A number of people continue to ask me how to get started with cryptocurrencies.
- How do I buy Bitcoin?
- How much should I invest?
- How much have you bought?
- Which coins should I invest in?
- What would you spend $100 on?
- What’s the blockchain?
I wanted to jot down some fundamentals here that should hopefully answer any questions you may have about cryptocurrencies and beginning to get involved.
Bitcoin, though it has seen explosive growth, is a highly speculative investment. Please do not bet the farm. We’ve seen people taking out mortgages in order to buy Bitcoins – this type of behavior en masse could lead to a global depression. Bet only what you can afford to lose.
How to buy Bitcoin
Currently, the easiest and safest way for a beginner to get some Bitcoin is to create an account on a Cryptocurrency Exchange. Use Coinbase to start and move on to explore other exchanges as you begin your exploration into other coins.
At present, you will need to verify your identity and provide credit card or banking information. Be smart when handing over this information and try your best to hedge against the worst case scenario – like your information being stolen or misused.
This leads us to a very important topic:
How to protect your Bitcoin (and other coins)
If you leave your coins on an exchange, you are asking for pain.
Please, please, please do not underestimate this advice. We have seen time and time again people losing all their money because they did not store their coins in a wallet.
Either download a software wallet to your computer or purchase a physical hardware wallet to store your coins safely off the exchange.
Each cryptocurrency will have its own supported wallets, so do some research online to what is supported. For Bitcoin, I use Electrum software wallet and the Ledger Nano S hardware wallet.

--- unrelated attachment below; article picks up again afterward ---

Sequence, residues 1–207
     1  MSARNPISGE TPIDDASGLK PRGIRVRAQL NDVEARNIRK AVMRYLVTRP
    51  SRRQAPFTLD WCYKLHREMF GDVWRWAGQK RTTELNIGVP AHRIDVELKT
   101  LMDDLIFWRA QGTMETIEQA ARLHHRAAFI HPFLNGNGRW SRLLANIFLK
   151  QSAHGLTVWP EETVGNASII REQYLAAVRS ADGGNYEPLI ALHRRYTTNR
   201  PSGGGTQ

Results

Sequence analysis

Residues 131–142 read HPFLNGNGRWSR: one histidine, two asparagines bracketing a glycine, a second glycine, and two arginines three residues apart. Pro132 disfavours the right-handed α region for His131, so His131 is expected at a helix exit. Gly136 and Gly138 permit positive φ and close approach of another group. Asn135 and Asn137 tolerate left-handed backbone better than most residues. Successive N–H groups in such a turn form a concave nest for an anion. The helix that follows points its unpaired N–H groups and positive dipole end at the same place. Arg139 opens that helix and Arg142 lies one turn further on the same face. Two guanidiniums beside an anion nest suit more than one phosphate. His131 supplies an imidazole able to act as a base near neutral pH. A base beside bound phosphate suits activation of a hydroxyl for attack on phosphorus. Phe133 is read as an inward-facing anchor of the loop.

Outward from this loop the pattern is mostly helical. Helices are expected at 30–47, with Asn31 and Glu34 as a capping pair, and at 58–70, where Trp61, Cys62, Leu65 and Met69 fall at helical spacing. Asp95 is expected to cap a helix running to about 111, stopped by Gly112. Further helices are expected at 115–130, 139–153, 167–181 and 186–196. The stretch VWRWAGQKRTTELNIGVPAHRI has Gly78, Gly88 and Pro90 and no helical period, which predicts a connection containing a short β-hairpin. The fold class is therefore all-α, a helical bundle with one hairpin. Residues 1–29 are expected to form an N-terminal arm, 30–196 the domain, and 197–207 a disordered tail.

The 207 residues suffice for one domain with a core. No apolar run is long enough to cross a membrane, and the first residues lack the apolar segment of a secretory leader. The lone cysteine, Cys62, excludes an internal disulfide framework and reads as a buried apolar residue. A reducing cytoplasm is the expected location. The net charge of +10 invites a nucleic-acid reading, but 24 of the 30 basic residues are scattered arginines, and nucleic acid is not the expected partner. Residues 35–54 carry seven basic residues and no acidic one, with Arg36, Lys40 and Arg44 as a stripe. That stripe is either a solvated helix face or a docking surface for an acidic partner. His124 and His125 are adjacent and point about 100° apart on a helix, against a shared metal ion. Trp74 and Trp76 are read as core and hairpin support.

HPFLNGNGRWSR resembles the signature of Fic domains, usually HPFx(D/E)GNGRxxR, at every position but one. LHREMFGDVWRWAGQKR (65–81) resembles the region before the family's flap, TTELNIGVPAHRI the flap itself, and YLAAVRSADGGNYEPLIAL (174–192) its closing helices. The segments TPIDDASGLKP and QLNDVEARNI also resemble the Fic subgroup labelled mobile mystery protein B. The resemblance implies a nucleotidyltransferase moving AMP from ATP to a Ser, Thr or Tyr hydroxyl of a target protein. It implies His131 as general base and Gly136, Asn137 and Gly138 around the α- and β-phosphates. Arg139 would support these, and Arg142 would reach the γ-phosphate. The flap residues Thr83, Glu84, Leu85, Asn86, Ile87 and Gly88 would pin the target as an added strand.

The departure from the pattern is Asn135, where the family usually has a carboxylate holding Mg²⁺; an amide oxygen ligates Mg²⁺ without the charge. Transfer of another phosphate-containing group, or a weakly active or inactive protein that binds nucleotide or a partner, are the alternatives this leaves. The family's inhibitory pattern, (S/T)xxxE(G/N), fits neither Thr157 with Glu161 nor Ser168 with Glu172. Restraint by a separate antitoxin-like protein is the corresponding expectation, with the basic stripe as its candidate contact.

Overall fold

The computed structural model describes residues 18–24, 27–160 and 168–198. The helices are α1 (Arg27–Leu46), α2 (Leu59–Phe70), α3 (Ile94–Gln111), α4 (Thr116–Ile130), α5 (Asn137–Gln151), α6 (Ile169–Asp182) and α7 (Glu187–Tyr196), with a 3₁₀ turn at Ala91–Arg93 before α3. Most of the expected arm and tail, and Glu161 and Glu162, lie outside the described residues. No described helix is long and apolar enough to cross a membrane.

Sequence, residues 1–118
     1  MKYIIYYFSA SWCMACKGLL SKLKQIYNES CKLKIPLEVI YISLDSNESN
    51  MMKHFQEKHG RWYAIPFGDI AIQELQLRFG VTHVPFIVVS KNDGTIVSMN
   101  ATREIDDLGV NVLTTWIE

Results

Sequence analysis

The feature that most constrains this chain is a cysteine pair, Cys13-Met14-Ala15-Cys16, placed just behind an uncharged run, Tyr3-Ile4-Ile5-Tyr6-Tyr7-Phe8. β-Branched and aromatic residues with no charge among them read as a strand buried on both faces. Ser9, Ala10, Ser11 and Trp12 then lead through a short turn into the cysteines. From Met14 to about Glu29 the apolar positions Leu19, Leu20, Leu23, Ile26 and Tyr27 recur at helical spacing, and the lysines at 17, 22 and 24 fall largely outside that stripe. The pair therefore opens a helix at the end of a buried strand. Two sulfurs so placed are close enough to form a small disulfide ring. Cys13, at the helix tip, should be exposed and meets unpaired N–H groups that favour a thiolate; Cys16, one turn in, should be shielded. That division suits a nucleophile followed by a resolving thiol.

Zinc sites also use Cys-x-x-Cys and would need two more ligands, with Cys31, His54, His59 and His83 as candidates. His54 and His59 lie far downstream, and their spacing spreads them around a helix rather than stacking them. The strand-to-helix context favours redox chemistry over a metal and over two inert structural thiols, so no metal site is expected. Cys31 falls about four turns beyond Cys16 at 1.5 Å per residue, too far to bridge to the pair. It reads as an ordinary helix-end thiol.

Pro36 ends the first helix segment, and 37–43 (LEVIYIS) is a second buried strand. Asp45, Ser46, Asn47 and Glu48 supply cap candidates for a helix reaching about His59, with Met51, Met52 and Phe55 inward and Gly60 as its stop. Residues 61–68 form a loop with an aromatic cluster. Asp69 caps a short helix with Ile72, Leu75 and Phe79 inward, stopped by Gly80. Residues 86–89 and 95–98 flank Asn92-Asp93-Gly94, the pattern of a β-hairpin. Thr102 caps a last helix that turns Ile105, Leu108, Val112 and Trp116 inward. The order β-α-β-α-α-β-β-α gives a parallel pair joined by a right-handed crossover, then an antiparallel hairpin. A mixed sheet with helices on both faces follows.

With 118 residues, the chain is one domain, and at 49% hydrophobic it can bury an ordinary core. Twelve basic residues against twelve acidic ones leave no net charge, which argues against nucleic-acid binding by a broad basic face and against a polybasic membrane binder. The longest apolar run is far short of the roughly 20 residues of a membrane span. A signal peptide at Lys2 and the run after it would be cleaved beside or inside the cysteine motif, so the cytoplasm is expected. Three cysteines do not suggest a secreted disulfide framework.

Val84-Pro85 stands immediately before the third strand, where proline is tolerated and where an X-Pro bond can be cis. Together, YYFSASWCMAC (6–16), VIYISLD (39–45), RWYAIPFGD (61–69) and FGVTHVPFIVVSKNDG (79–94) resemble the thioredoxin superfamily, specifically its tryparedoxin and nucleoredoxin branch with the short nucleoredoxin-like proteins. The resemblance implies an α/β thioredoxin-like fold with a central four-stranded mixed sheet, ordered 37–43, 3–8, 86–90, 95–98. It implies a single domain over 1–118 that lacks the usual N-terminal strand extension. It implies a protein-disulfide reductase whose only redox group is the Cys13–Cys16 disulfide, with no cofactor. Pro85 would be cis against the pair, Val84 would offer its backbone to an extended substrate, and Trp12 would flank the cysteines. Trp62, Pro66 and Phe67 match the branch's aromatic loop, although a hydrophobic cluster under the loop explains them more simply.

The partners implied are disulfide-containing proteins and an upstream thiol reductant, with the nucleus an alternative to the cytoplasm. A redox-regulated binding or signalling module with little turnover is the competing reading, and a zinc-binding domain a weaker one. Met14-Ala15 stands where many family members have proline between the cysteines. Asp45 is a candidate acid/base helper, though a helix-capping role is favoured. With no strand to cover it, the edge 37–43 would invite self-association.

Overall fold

How much you should invest
Imagine you go to a casino. You see the roulette table is getting some great action. Everyone at the table has bet on black and won all night long – doubling, tripling, 200x’ing their money.
How much would you bet on black, knowing full well that it could land on red?
How much I have invested
Somehow, this is a question that comes up within 5 minutes every time. Most likely born of a natural curiosity, this question is deeply personal to me akin to asking how much money I have at all.
Instead of asking someone how much money they have, ask them which price points they managed to buy in at or how their portfolio growth has been. This is a bit more exciting and revealing of a conversation in many regards and will not offend someone who is protective of their assets.
What other coins should you invest in
One of the big problems I see is a lack of understanding of the core problems each cryptocurrency solves. Instead, people focus on the ROI of their investment.
This same mentality led to the .com collapse because we threw money at any website with page hits. We all now know that page hits aren’t gold and that same principle should apply here.
Go and research the different technology behind the coins and justify whether it has legs – otherwise it’s a gamble.
Personally, I believe Ethereum has a solid foundational technology that has tremendous applications. Remember, cryptocurrency is a byproduct of blockchain technology.
The blockchain and how it related to cryptocurrency
Most of the cryptocurrencies you’ve heard of are primarily transactional blockchains – meaning they are built to send money from A to B etc.
But blockchains can be so much more – from renting a car to registering land rights.
Cryptocurrencies are a way of incentivizing computer power to be spent on maintaining a blockchain. If the blockchain is good, the crypto is a good long term bet.
If the blockchain is only solving for cryptocurrency, it better do well otherwise it will be defeated by competition, just like any product or service. There is a lot of competition.
Should you get involved with mining
Mining on your computer is obsolete and setting up your own rigs is a complicated task even for people who’ve built a computer before.
Beware of cloud mining contracts as there’s hardly a way to determine if it’s a Ponzi scheme or not.
This is a buyer beware, wild west market. Be careful and be prepared to lose money.